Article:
Friday, March 10, 2006

Keeping Warm This Winter

Dec 05/Jan 06 Grassroots Press Column:

Natural gas prices are substantially higher this winter than last year. This is likely to be a major hardship for many consumers – especially in colder areas – and will probably be a bigger problem than high gasoline prices. (Until gasoline prices go up again, which they eventually will.) Not surprisingly, many Americans are looking for alternatives to natural gas.
Wood heaters are the quick and dirty alternative. Wood heat is least obnoxious in the country, where houses are far apart and the smoke gets diluted. If too many people in urban areas start to heat with wood, the air will become unbreatheable. Solar heat is really the only sustainable choice.

Here’s how to keep your house as warm as possible, using the natural heat from the sun:
The largest potential heat loss is from air leaks. Leaks can be sealed with judicious application of caulk and weatherstripping. The best time to check for air leaks is on a cold, windy day, when drafts will be most obvious.

Windows can also lose a lot of heat. Replace old, ill-fitting windows with modern double-pane windows. These might seem expensive, but they’ll last a lifetime, and will pay for themselves by preventing unnecessary heat loss.

South-facing windows will allow sunlight (heat) in during the day, which is a good thing during the winter, but unfortunately they will let the heat right back out at night. In a well-insulated house, windows – even double-pane windows – will be the greatest source of heat loss at night, so it’s important to cover them at night with heavy curtains or foam inserts.
To make optimal winter use of your windows, try this simple plan: Cover the north and east windows with heavy curtains or foam inserts, 24/7. During the day, leave the south windows uncovered. Uncovering the west windows in the afternoon should let in some of the warm afternoon sun. Many houses aren’t oriented exactly along a north-south axis, so you might need to modify this prescription to fit your situation.

The trick is to heat your house as much as possible during the day, using free solar energy. This is no problem for people who are gone all day. People who are home during the day might find indoor temperatures uncomfortably warm, depending on the number of south-facing windows. But bear in mind that what you’re doing is soaking the contents of your house with heat. The contents of your house serve as thermal mass -- a heat reservoir. The more heat stored by the thermal mass during the day, the more heat will be released at night, when you need it.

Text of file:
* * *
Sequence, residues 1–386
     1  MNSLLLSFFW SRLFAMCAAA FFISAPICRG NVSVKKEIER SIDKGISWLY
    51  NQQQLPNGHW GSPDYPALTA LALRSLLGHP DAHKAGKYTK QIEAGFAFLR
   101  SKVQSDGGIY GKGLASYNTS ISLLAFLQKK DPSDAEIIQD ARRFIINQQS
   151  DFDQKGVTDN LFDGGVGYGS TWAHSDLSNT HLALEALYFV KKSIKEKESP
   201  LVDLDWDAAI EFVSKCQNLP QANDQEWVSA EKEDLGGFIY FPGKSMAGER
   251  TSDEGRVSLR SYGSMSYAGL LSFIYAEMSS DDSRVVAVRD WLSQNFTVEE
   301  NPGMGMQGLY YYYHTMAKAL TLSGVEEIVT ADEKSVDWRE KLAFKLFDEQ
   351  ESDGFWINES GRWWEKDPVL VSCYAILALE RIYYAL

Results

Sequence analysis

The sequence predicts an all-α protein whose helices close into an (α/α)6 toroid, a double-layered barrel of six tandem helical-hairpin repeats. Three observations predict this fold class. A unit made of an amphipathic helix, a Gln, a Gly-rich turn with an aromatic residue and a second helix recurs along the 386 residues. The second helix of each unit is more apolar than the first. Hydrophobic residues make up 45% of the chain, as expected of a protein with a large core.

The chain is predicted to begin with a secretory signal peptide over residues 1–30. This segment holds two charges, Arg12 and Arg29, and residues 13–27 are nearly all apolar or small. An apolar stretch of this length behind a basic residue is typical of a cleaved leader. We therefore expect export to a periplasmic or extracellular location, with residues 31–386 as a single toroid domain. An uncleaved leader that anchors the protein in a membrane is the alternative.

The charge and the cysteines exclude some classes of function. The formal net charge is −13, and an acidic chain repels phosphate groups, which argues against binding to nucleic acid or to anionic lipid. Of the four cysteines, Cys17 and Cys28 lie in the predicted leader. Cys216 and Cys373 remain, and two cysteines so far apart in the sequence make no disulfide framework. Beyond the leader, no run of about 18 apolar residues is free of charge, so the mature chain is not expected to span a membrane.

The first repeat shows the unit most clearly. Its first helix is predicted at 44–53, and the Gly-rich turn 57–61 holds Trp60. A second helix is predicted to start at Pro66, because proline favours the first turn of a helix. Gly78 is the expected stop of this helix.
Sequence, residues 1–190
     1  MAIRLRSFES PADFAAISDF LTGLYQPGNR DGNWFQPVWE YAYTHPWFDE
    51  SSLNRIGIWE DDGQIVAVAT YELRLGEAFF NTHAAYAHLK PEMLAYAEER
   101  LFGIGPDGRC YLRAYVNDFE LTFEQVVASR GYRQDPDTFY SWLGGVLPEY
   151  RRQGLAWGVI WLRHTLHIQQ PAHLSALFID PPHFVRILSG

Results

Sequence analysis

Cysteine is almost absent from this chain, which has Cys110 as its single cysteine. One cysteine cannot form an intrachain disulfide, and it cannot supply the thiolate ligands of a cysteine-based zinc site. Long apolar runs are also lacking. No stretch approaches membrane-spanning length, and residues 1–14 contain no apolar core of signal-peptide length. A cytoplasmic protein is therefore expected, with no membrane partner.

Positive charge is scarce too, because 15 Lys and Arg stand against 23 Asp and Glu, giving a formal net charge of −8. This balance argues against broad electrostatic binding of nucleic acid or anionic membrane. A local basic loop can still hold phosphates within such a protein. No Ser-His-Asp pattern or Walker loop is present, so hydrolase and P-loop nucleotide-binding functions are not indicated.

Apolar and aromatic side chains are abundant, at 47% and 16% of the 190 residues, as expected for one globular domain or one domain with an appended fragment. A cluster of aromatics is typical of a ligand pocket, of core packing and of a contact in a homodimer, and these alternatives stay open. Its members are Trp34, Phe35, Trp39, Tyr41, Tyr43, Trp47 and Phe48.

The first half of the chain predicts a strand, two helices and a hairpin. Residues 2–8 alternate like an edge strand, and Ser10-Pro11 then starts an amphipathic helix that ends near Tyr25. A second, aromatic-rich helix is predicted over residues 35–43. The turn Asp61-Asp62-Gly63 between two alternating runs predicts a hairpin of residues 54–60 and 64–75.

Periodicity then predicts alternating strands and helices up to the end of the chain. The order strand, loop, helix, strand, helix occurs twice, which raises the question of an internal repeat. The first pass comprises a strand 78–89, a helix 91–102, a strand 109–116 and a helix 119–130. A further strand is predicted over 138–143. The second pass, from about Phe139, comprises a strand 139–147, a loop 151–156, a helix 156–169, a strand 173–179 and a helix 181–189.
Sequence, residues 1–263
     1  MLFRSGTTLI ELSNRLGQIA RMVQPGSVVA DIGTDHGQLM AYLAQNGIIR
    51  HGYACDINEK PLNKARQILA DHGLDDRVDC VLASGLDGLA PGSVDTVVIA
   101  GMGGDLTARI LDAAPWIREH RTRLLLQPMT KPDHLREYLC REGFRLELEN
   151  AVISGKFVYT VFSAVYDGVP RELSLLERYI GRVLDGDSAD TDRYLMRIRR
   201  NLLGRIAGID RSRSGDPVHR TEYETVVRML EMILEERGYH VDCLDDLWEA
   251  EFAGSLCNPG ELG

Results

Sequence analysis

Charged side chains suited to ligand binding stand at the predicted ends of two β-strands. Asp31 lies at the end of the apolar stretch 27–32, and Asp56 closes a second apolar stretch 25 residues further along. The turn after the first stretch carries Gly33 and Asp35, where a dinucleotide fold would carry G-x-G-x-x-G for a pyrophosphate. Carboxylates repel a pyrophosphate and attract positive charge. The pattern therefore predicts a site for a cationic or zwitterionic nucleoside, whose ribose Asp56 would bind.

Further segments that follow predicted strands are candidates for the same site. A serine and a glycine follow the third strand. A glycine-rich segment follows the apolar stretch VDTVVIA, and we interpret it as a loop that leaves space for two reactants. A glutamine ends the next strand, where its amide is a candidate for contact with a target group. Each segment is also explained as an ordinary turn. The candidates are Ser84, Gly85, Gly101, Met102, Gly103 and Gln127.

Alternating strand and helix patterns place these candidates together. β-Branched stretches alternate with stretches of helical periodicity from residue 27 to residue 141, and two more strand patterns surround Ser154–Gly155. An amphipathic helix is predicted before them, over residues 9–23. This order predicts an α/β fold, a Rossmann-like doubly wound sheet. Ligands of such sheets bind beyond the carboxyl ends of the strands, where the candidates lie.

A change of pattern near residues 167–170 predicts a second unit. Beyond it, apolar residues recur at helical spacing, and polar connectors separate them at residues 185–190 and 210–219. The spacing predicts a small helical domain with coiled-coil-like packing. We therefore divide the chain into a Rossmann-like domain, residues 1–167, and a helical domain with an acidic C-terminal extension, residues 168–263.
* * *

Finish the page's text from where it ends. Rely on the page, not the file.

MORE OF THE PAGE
When the sun is no longer shining into the windows, close them off with curtains or foam inserts, to prevent nighttime heat loss.

Here’s another way to look at it: a house is like a battery. You charge it up with heat during the day, and then it slowly discharges its stored heat all night until you charge it up again the next day. Uncovered windows "short-circuit" the stored heat into the cold night air, which is why it’s important to cover them at night.

Doing all this rigmarole might seem extreme – it’s certainly not the standard American way of doing things -- but it's really not all that big a deal. Ideally, you might get away with not having to use any additional heat during the evening hours, and minimal heat at night. This can cut your heating bill substantially.

The next step beyond optimal use of your windows is to build a solar heat collector or collectors onto the south wall of your house. This will greatly increase the amount of solar heat entering your house.

The concept is simple: paint a south-facing surface black. Build a wooden framework around the black surface, and cover with some transparent material (plastic, fiberglass, or glass) to collect the hot air. What you’ve got is a sandwich – black surface on one side, transparent membrane on the other side, and an air space in the middle. The trick is to get the hot air into your house. Ideally, a solar heater would have an opening into the house at the bottom to let in cold air, and another opening at the top so the hot air can flow into the house. With most houses, the easiest way to handle the air flow is to use existing windows. Every house is different, so I can't give more than the basic concept here, but solar heaters are cheap and simple.

A solar collector is a three-part sandwich: transparent membrane, air space, black surface. The sun shines through the transparent material onto the black surface (which can be the wall of your house painted black). This heats up the air in the air space. Since hot air rises (just like a hot air balloon), an automatic convection cycle gets started -- hot air gets forced out of the top vent into the house, and cold air from the floor gets sucked into the heater where it is quickly converted into hot air. The operation is absolutely silent. Not a whisper. Within a few hours, such a heater can turn a stone-cold room into a dry sauna.

We are fortunate to have such abundant winter sunlight in the Southwest. It costs nothing, and is pollution-free. It’s an elegant way to avoid paying outrageous natural gas prices. Like the El Paso Solar Energy Association says, "The answer comes up every morning."

(When building a solar heater, Gordon Solberg recommends listening to the Rolling Stones’ "Paint It Black.")